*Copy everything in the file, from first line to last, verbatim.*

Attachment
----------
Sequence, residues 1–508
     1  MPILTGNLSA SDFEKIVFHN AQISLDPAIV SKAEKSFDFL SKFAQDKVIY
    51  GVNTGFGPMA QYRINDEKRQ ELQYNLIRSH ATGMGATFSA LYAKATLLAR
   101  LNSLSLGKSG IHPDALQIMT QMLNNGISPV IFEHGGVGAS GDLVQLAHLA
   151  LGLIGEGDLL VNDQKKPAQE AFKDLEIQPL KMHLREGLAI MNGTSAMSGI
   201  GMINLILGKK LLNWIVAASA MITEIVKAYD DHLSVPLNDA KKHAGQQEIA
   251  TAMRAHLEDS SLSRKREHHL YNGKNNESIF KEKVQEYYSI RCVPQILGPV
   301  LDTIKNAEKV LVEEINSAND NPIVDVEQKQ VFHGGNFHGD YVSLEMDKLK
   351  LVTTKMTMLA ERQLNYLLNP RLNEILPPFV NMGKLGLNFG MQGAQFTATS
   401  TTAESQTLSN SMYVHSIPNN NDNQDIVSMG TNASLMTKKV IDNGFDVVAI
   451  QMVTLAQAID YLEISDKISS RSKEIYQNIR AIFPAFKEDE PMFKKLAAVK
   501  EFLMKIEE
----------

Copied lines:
Sequence, residues 1–508
     1  MPILTGNLSA SDFEKIVFHN AQISLDPAIV SKAEKSFDFL SKFAQDKVIY
    51  GVNTGFGPMA QYRINDEKRQ ELQYNLIRSH ATGMGATFSA LYAKATLLAR
   101  LNSLSLGKSG IHPDALQIMT QMLNNGISPV IFEHGGVGAS GDLVQLAHLA
   151  LGLIGEGDLL VNDQKKPAQE AFKDLEIQPL KMHLREGLAI MNGTSAMSGI
   201  GMINLILGKK LLNWIVAASA MITEIVKAYD DHLSVPLNDA KKHAGQQEIA
   251  TAMRAHLEDS SLSRKREHHL YNGKNNESIF KEKVQEYYSI RCVPQILGPV
   301  LDTIKNAEKV LVEEINSAND NPIVDVEQKQ VFHGGNFHGD YVSLEMDKLK
   351  LVTTKMTMLA ERQLNYLLNP RLNEILPPFV NMGKLGLNFG MQGAQFTATS
   401  TTAESQTLSN SMYVHSIPNN NDNQDIVSMG TNASLMTKKV IDNGFDVVAI
   451  QMVTLAQAID YLEISDKISS RSKEIYQNIR AIFPAFKEDE PMFKKLAAVK
   501  EFLMKIEE